Pesach Crust:
1 cup ground almonds
1 cup fine matza meal
½ cup brown sugar
1/3 cup oil

Filling:
1 cup sugar
4 teaspoons potato starch
1 cup fresh lemon juice
4 egg yolks
2 whole eggs
Zest of 1 lemon

Meringue:
4 egg whites
½ cup sugar
½ teaspoon vanilla
½ teaspoon lemon juice

Directions:

  1. In a small bowl, combine ground almonds, matza meal and sugar for crust. Add oil and mix until the “dough” can be pat into pie pan. Cover sides of pan to edges. Bake at 350° for 15 minutes. Let cool.

  2. Separate eggs. Place yolks in a small bowl temporarily. Let whites sit in a glass bowl.

  3. Mix sugar and potato starch for filling in a saucepan. Add lemon juice, yolks, eggs and zest. Stir until sugar and potato starch are dissolved. Turn on medium flame and continue stirring until mixture begins to thicken (may take several minutes). Bring to boil then remove from heat. Pour over cooled pie crust. Place in refrigerator until meringue is ready.

  4. Beat whites until foamy. Slowly add sugar, vanilla and lemon juice. Continue beating on high for 2 or 3 minutes until stiff peaks form.

  5. Pour meringue over pie, making sure to spread to edges of crust. Form peaks for decoration with your spatula (or spoon).

  6. Set oven to broil. Move oven rack to highest slot. Place pie on oven rack and watch carefully as top of meringue browns. Remove immediately from oven when desired effect achieved.

  7. Keep pie in refrigerator until ready to serve.

    About the Author: Miriam Green writes a weekly blog at http://www.thelostkichen.org, featuring anecdotes about her mother’s Alzheimer’s and related recipes. Her poetry has appeared in several journals, including Poet Lore, the Prose Poem Project, Ilanot Review, The Barefoot Review and Poetica Magazine. Her poem, “Mercy of a Full Womb,” won the 2014 Jewish Literary Journal’s 1st anniversary competition. She holds an M.A. in Creative Writing from Bar Ilan University and a B.A. from Oberlin College. Miriam is a 20+-year resident of Israel and a mother of three.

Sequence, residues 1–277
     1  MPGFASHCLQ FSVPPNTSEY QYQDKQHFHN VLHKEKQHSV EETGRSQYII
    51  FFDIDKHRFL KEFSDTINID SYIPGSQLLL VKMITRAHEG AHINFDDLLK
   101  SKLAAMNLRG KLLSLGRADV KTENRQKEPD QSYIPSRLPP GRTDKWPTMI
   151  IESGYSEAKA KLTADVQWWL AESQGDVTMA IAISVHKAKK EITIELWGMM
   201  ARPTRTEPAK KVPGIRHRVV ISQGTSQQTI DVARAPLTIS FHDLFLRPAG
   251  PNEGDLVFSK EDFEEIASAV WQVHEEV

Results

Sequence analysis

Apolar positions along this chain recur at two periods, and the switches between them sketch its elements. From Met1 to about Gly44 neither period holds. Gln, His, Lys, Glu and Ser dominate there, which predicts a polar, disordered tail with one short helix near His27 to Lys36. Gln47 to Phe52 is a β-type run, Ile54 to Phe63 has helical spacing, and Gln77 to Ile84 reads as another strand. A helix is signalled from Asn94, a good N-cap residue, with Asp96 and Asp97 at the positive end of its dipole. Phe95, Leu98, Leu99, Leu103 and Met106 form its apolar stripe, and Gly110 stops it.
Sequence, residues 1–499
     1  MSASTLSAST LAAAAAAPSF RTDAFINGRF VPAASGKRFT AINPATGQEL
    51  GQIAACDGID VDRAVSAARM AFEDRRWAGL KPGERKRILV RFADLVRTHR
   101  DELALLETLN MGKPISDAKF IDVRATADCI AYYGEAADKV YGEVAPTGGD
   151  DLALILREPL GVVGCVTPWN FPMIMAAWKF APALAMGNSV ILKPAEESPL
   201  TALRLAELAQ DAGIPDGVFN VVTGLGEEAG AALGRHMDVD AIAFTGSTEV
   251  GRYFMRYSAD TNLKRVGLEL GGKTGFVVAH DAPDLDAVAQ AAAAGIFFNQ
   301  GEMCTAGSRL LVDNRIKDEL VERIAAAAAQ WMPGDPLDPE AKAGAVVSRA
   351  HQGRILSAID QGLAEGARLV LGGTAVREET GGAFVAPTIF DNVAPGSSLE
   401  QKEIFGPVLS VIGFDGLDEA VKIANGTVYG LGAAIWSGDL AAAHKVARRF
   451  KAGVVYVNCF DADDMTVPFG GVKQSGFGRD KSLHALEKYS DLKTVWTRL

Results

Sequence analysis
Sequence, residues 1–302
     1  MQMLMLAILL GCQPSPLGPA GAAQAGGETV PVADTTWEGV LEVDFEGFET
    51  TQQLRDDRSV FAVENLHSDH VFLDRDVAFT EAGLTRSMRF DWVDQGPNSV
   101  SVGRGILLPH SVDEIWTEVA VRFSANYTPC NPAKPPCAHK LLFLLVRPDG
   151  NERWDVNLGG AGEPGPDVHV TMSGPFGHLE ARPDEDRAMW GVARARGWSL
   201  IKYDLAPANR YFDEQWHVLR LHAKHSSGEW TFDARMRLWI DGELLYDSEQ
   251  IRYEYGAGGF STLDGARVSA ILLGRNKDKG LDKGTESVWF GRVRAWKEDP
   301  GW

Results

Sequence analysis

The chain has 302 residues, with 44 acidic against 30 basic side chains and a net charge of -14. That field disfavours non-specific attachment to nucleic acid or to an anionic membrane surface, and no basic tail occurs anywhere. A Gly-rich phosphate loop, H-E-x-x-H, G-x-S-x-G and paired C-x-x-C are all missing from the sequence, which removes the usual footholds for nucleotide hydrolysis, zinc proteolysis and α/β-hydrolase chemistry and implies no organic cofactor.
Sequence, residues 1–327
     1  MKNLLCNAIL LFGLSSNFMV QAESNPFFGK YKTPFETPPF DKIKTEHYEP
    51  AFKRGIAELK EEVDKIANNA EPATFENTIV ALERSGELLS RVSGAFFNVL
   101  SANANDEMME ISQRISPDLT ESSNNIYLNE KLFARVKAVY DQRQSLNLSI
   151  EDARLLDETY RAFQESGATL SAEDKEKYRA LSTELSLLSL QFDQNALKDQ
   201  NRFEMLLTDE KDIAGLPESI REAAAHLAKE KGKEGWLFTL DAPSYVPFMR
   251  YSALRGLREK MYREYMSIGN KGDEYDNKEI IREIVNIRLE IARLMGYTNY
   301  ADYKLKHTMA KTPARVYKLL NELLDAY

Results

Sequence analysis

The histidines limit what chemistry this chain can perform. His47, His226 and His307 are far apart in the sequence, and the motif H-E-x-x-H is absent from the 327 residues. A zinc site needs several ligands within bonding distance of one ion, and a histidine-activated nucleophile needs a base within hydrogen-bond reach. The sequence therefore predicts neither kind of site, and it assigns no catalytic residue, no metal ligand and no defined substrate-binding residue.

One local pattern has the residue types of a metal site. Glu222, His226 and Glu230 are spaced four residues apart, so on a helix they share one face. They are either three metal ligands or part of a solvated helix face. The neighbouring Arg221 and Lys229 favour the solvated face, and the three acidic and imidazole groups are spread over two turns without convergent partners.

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Mar 152017
 

These days nearly every member of Congress is using Twitter, Facebook or Instagram on a regular basis. The era of congressional offices sending out press releases as the main way to convey the Member’s message is long gone. Now, both staff and members alike use social media to push information out immediately and interact with their constituents every single day. Because social media has become the main form of communication with most congressional offices, advocates have had to adapt the way they interact with Congress.

I’m proud to announce our newest way to engage with members of Congress, by using personalized videos. Advocates and the general public can visit alzimpact.org/engage and send a short, personalized video message directly to their members of Congress. The Alzheimer’s Impact Movement (AIM) is launching the video platform in conjunction with the 2017 Alzheimer’s Association Advocacy Forum. Advocates can use the tool to urge Congress to increase federal Alzheimer’s research funding and make fighting this disease a national priority. Please take a minute to send a video to your members of Congress and then share with your social networks.

Additionally, the Alzheimer’s Association is urging all of its advocates to help increase the impact of the 2017 Advocacy Forum by joining Thunderclap. More than 1,200 advocates will flood Capitol Hill on March 29 to ask Congress for increased research funding. Thunderclap allows all Alzheimer’s advocates who can’t attend the Forum a way to amplify our unified message through social networks like Twitter and Facebook.